A few posts ago I postulated that for most people, for most types of ‘news’ algorithms based around attention and the social graph may well be almost good enough to replace the idea of subscribing to RSS feeds of content directly.
And then Flipboard came along.
Flipboard is a news reader for the iPad with an exquisite interface that’s just right for the touchscreen interface — it’s all page turning and large buttons. So far so Reeder (my favourite iPad RSS reader), but Flipboard does a couple of things that make it stand out, and doesn’t do a couple of things that make it on the way to being the sort of thing that will make RSS feeds as user technology scarcer:
- It presents curated bundles of feeds ‘FlipNews’ or ‘FlipStyle’ — editorially picking the major (ie mainstream, “just good enough”) feeds for subject areas.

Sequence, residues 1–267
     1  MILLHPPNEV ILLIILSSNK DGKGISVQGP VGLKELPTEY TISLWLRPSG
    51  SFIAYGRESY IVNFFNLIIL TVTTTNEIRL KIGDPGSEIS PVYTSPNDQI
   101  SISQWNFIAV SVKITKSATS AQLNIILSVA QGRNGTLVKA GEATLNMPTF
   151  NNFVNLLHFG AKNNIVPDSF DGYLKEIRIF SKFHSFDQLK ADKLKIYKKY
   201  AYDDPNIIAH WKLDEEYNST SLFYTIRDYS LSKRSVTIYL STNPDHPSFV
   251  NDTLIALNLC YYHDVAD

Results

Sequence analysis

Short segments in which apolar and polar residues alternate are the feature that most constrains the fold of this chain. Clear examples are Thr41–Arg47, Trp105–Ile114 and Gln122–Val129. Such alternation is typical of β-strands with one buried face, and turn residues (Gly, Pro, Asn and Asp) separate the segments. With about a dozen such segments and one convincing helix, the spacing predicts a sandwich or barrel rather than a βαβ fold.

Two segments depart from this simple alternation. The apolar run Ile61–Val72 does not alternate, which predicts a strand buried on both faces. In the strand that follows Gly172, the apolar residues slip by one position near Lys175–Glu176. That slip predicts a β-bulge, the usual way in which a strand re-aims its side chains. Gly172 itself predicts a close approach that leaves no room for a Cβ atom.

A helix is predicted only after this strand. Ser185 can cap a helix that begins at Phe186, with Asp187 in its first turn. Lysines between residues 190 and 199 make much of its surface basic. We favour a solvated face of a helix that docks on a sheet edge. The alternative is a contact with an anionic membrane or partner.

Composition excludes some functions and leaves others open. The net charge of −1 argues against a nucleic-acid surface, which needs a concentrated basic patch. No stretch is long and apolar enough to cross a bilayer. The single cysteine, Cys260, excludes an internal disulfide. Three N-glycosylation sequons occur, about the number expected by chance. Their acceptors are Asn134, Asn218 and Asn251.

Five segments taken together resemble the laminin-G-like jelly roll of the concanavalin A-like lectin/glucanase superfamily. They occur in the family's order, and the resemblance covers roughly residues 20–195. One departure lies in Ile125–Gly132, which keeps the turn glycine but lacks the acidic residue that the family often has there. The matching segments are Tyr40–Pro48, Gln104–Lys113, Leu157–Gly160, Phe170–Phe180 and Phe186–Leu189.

- It allows you to sign in with Twitter and Facebook, pulling in links and content linked to by people you’re in contact with.
- It doesn’t mention (or it seems actually use) RSS, it just grabs the content and shows it to you.
- It doesn’t let you add your own feeds.
There’s no attention profiling that I can see, but there’s absolutely no reason why it shouldn’t be an addition that the makers are working on. No, it won’t replace an RSS reader — but it’s not trying, and in many situations it’s better for that.
Some work to do to implement something similar that works on other sorts of devices (a conventional computer would need a very different interface), but for iPad it’s good enough.